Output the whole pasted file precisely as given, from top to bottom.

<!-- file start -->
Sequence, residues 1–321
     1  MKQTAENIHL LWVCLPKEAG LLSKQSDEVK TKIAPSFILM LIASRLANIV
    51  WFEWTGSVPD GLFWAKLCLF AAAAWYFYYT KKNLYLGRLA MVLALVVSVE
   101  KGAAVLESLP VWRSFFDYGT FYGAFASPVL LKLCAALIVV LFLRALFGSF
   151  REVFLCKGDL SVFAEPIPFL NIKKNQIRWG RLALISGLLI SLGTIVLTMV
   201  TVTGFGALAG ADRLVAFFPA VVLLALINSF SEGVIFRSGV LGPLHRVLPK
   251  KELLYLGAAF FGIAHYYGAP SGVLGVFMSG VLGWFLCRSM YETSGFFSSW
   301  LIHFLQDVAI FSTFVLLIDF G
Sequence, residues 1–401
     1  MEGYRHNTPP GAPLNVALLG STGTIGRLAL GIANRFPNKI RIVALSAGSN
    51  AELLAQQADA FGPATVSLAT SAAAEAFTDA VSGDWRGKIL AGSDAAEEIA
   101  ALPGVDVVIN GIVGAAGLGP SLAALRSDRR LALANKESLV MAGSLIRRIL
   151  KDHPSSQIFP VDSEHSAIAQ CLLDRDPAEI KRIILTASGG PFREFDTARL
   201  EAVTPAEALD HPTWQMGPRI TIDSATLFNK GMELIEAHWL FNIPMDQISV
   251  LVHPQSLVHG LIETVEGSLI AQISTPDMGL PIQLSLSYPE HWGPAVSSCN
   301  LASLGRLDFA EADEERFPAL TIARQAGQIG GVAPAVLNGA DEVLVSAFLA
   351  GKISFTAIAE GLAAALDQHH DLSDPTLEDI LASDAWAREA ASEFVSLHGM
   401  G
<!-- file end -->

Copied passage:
Sequence, residues 1–321
     1  MKQTAENIHL LWVCLPKEAG LLSKQSDEVK TKIAPSFILM LIASRLANIV
    51  WFEWTGSVPD GLFWAKLCLF AAAAWYFYYT KKNLYLGRLA MVLALVVSVE
   101  KGAAVLESLP VWRSFFDYGT FYGAFASPVL LKLCAALIVV LFLRALFGSF
   151  REVFLCKGDL SVFAEPIPFL NIKKNQIRWG RLALISGLLI SLGTIVLTMV
   201  TVTGFGALAG ADRLVAFFPA VVLLALINSF SEGVIFRSGV LGPLHRVLPK
   251  KELLYLGAAF FGIAHYYGAP SGVLGVFMSG VLGWFLCRSM YETSGFFSSW
   301  LIHFLQDVAI FSTFVLLIDF G
Sequence, residues 1–401
     1  MEGYRHNTPP GAPLNVALLG STGTIGRLAL GIANRFPNKI RIVALSAGSN
    51  AELLAQQADA FGPATVSLAT SAAAEAFTDA VSGDWRGKIL AGSDAAEEIA
   101  ALPGVDVVIN GIVGAAGLGP SLAALRSDRR LALANKESLV MAGSLIRRIL
   151  KDHPSSQIFP VDSEHSAIAQ CLLDRDPAEI KRIILTASGG PFREFDTARL
   201  EAVTPAEALD HPTWQMGPRI TIDSATLFNK GMELIEAHWL FNIPMDQISV
   251  LVHPQSLVHG LIETVEGSLI AQISTPDMGL PIQLSLSYPE HWGPAVSSCN
   301  LASLGRLDFA EADEERFPAL TIARQAGQIG GVAPAVLNGA DEVLVSAFLA
   351  GKISFTAIAE GLAAALDQHH DLSDPTLEDI LASDAWAREA ASEFVSLHGM
   401  G